Another possibility is that there’s a more basic problem: that people find it hard, for whatever reason, to understand what an explanation is. (I thought David Deutsch’s The Beginning of Infinity was a nice recent treatment of the notion of explanation.) In my interactions with psychologists, I frequently find that people propose a word (“learning,” “culture,” and “salience” are favorites) as a potential explanation for a given phenomenon, even though most have come across the logical pitfalls of the “nominal fallacy.” I’m not suggesting that this confusion is limited to either journalists or psychologists. I actually think that there is something genuinely difficult about mastering the nature of explanation, and this difficulty is particularly visible in cases in which people like Gottlieb want to attack a book or a field for some entirely other reason.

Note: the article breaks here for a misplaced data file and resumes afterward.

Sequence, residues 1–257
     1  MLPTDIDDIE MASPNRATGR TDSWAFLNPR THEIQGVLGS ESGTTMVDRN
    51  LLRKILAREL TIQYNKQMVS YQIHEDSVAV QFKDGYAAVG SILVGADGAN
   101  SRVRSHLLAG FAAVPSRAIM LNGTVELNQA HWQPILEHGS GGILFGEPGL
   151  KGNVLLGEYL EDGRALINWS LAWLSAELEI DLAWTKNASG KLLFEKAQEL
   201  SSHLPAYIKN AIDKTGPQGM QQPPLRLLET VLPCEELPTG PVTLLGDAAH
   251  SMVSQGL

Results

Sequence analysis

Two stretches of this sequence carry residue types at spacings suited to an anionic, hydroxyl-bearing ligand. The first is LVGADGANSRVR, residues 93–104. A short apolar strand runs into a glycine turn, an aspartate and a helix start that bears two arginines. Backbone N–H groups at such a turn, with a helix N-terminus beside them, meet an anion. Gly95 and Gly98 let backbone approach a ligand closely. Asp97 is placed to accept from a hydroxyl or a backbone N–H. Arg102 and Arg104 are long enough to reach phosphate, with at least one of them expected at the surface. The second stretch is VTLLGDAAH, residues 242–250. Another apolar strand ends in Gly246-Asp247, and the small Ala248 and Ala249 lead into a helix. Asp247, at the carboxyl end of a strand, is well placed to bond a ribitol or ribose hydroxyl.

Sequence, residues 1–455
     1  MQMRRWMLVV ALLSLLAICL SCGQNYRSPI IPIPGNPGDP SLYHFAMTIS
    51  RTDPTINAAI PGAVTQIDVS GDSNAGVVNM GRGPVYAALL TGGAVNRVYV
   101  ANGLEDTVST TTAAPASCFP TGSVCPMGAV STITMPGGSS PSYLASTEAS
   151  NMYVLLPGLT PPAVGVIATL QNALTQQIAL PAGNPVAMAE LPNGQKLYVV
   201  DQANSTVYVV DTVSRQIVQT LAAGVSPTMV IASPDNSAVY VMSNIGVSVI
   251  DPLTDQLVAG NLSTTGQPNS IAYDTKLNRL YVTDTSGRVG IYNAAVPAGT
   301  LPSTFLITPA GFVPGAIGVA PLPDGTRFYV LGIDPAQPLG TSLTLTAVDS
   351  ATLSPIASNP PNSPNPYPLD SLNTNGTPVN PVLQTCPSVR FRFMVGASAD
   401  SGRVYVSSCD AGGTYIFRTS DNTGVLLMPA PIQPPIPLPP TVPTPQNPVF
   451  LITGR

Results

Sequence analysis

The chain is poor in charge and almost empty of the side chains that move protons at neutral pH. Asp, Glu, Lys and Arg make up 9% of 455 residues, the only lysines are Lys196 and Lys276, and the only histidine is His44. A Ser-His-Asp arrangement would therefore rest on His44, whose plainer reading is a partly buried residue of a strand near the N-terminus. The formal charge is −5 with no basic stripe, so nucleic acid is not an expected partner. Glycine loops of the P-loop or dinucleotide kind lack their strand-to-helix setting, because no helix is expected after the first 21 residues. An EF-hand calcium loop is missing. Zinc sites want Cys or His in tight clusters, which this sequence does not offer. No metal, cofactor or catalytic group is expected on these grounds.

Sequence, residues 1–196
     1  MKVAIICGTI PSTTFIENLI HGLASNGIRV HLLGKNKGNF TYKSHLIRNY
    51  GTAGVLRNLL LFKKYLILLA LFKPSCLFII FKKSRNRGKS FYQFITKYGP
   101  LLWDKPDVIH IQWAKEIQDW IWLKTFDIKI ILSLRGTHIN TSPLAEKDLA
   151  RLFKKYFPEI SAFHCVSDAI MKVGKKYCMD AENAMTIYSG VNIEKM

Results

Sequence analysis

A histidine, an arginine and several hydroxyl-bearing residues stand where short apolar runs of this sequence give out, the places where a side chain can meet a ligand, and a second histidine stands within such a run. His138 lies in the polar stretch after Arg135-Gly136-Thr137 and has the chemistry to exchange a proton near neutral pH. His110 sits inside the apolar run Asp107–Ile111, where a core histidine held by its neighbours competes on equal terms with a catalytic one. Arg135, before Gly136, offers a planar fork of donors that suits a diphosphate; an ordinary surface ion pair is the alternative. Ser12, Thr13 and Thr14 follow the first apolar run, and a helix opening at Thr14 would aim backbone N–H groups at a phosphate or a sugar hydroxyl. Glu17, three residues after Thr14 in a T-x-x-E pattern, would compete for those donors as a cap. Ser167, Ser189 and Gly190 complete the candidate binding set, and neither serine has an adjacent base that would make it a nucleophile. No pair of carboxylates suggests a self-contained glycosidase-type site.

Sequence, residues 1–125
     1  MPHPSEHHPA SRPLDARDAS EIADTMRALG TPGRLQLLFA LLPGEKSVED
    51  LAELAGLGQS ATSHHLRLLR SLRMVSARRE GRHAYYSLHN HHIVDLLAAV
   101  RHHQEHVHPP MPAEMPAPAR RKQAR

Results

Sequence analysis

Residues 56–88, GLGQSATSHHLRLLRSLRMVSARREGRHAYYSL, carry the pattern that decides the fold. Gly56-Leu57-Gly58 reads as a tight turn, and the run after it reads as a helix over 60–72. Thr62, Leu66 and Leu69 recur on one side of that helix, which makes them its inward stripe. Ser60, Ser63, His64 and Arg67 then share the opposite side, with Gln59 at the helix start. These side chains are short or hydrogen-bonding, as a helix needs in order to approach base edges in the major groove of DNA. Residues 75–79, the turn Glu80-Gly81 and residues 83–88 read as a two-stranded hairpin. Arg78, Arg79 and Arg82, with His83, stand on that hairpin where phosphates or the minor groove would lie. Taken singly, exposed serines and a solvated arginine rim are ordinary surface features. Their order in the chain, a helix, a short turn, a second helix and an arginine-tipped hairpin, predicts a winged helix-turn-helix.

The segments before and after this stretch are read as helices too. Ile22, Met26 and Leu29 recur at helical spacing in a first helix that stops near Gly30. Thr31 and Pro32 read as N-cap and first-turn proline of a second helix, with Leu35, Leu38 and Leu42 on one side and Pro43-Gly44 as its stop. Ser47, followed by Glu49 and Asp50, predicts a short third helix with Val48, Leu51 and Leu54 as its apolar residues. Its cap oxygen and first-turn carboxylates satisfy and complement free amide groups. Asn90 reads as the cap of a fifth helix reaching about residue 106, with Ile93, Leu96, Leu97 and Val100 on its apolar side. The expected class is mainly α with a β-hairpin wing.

That last point is important. One research area I have been thinking about recently is the literature on the willpower-as-resource model of self-control. This model is much more of a Just-So story than the proposals surrounding concealed ovulation, being unfalsifiable, and yet the response of the media (and scholarly community) has been adulation and praise rather than pointing out – let alone ranting about – how the model can’t be shown to be false (with one exception from Steve Pinker in the New York Times, who buried the charge of unfalsifiability in the penultimate paragraph amid an otherwise glowing book review).
For Gottlieb, and I think many like him, his own explanations are hypotheses (but not stories) while David Barash’s explanations are stories (but not hypotheses). In truth, they are both. The goal should not to expel stories from science, but rather to identify the stories that are also good explanations.